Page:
A bigger problem than outdated computers is overcrowded labs. We really need to expand, but we don't have the building space to do it even if we did have money for new computers. We will slowly manage to get new buildings and new computers, I'm sure, but not fast enough to keep up with the need.

Scott Rogers said...

If it makes you feel any better, for a while now I have been threatening to teach a comp class where students are required to turn in all essays in pen with no errors.

As an aside: at SCMLA a few years ago, I got invited at the last minute to take part in a roundtable discussion about tech with a bunch of fairly serious distance-learning people. I was the sole curmudgeon at the in the room, and so when it came my time to talk, I basically compared all of this technology stuff to the TV/VCR in the classroom promises from the 80s. I pointed out that there is little advantage to deploying technology in the classrooms unless it can do something BETTER than the current technology (and I agree with John...it's all some tech or other).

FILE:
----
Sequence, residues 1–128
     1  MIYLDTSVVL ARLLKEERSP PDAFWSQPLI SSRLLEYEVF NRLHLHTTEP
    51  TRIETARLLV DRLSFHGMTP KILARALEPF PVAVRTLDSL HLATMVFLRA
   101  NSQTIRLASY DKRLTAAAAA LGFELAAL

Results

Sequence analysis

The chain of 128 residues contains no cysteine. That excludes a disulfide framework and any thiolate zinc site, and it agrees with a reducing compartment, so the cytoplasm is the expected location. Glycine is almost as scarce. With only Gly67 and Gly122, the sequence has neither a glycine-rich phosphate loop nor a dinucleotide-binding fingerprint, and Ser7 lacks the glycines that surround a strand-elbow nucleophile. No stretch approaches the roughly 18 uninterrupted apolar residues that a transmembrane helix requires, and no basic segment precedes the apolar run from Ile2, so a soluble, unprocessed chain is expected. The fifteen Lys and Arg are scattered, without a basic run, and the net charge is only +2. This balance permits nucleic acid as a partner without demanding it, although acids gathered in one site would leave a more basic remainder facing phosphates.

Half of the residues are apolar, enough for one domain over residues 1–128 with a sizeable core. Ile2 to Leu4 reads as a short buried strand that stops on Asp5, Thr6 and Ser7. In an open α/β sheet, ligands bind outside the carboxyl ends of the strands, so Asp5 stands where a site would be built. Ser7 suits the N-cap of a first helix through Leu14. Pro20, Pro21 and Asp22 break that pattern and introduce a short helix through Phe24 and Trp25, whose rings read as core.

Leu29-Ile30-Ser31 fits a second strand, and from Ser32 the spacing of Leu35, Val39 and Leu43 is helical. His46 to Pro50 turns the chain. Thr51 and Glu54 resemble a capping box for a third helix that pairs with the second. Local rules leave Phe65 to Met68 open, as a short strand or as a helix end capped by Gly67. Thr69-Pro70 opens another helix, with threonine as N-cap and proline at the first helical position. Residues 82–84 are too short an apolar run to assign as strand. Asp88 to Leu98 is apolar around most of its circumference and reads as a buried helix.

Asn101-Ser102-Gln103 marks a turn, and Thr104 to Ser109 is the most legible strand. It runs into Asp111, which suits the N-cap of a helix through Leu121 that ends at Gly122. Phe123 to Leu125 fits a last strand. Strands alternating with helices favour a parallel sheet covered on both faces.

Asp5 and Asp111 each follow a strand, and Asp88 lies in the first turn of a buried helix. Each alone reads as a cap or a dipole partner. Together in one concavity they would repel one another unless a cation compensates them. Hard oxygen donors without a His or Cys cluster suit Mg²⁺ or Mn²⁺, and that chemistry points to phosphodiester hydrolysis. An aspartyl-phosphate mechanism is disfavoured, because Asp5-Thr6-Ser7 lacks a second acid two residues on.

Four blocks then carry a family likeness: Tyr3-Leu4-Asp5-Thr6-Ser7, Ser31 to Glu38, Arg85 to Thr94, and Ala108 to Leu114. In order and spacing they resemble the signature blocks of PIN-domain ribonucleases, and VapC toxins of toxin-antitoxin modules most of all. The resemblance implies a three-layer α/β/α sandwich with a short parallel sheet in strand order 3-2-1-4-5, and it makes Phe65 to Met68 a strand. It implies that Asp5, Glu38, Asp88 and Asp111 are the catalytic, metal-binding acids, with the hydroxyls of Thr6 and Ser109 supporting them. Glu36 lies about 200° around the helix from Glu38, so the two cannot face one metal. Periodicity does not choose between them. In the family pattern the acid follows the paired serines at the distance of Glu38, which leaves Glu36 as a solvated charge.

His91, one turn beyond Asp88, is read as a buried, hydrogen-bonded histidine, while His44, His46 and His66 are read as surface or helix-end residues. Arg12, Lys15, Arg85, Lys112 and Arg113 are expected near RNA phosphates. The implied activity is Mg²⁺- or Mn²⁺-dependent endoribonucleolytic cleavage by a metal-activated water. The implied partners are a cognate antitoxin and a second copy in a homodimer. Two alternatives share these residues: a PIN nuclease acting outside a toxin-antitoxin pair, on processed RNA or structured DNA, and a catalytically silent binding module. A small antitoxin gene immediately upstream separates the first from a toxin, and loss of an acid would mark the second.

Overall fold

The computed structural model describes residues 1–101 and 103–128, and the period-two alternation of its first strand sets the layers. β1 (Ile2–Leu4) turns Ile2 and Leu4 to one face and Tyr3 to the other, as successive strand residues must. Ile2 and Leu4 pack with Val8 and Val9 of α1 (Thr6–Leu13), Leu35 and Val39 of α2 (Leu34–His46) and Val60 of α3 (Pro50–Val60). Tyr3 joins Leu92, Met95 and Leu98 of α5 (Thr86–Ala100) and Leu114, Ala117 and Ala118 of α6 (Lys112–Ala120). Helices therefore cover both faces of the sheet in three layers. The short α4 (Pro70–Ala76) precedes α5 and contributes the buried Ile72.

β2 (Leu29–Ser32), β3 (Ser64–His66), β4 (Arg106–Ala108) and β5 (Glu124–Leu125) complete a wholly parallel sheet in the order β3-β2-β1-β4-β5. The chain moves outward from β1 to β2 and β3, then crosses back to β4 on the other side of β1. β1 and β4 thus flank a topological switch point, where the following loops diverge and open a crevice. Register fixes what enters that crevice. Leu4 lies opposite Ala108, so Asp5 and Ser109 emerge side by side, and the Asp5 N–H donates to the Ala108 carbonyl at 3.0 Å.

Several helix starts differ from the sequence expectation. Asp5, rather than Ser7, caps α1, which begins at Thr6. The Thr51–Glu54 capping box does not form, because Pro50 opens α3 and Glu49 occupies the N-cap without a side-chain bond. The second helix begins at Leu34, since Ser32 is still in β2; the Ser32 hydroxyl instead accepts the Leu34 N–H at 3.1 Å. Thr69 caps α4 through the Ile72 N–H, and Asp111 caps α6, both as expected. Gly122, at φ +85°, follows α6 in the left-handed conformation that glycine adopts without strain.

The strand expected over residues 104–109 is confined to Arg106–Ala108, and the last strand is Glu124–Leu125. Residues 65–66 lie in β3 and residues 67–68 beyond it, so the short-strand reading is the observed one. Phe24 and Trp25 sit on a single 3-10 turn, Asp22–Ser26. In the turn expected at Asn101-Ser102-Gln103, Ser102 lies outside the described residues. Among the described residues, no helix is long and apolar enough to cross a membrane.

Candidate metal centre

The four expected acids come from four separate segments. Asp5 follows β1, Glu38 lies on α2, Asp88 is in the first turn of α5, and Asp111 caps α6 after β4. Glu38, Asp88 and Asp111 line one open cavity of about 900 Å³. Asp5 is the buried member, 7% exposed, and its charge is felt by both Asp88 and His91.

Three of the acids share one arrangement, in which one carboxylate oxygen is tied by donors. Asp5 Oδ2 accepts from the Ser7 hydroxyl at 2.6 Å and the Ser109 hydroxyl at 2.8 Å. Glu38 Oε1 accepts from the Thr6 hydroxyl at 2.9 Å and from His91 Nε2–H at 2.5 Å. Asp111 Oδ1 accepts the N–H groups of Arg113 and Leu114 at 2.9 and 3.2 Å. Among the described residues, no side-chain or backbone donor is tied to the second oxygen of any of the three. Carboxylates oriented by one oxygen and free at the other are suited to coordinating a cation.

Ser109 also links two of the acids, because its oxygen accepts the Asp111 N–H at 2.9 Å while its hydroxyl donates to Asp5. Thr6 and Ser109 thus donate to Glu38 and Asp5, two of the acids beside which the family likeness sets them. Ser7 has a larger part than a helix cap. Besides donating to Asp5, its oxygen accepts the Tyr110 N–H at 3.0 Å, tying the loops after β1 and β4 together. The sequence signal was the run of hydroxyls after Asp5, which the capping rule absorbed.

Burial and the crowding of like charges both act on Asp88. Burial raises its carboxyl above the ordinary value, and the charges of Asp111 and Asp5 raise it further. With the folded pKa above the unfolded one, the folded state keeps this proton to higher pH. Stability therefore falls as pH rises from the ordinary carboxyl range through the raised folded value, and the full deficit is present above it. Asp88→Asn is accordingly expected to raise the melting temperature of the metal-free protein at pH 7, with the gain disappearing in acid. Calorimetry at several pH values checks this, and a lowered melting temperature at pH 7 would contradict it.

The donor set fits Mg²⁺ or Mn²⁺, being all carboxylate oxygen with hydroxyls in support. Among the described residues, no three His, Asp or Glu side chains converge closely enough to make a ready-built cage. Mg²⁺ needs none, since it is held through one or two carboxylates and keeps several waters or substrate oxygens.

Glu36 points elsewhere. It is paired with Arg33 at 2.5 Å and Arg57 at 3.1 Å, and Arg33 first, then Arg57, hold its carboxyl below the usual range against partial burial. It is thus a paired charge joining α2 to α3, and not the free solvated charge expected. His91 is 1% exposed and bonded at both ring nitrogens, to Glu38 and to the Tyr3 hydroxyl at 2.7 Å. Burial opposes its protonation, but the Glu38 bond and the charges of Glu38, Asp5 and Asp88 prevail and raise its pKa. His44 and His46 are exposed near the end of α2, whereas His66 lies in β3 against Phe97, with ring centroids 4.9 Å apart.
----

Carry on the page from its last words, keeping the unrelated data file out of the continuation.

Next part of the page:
One of the people on the panel, a fairly well-known figure in all of this from a certain Texas university, looked at me across the table, pointed at me, and said in this marvelous Texas drawl, "But technology is a tooool! It's a tool!"

And I had to bite my tongue to keep from saying the following: "But is it the right tool? Are we using a combine to mow our yards? And, in the end, the thing to keep in mind is that if your only tool is a hammer, everything looks like a nail."

Sharon Gerald said...

Hey, Scott! You're from Mississippi. I refuse to believe you've never bush hogged the yard before. :)

I agree completely, though, that there is a point where we've become so distracted with picking the right tractor that we've forgotten to ever plow the field.

From time to time, I do have my students turn in hand-written drafts. And I make them use an actual physical dictionary to figure out how to spell. Ha!

The students do need to know how to use technology. We do need to know how to use and teach technology. But in the end we're here to teach them how to write. If we only had a roll of parchment and a quill pen, we could still do that.